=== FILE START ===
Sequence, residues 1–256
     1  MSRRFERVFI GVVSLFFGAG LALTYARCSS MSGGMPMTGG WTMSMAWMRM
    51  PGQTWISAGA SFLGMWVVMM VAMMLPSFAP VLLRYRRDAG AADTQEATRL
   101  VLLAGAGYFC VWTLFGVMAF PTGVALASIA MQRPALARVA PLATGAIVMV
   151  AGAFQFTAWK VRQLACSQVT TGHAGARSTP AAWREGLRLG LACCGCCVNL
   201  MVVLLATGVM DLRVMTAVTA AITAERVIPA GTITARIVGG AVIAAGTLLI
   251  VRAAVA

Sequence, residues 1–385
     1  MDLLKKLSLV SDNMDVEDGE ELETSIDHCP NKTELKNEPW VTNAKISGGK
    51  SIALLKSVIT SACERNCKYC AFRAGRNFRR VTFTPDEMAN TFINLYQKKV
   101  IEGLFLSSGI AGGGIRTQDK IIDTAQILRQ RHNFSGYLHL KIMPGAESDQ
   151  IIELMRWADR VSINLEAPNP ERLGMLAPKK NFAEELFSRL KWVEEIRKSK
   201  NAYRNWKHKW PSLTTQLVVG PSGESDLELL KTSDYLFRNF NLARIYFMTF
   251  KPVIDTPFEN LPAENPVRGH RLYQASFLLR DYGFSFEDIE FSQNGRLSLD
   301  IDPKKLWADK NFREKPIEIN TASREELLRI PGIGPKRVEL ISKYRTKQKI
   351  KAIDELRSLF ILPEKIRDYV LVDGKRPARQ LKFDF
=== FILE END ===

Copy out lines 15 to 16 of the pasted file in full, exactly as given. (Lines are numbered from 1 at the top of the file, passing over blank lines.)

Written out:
   301  IDPKKLWADK NFREKPIEIN TASREELLRI PGIGPKRVEL ISKYRTKQKI
   351  KAIDELRSLF ILPEKIRDYV LVDGKRPARQ LKFDF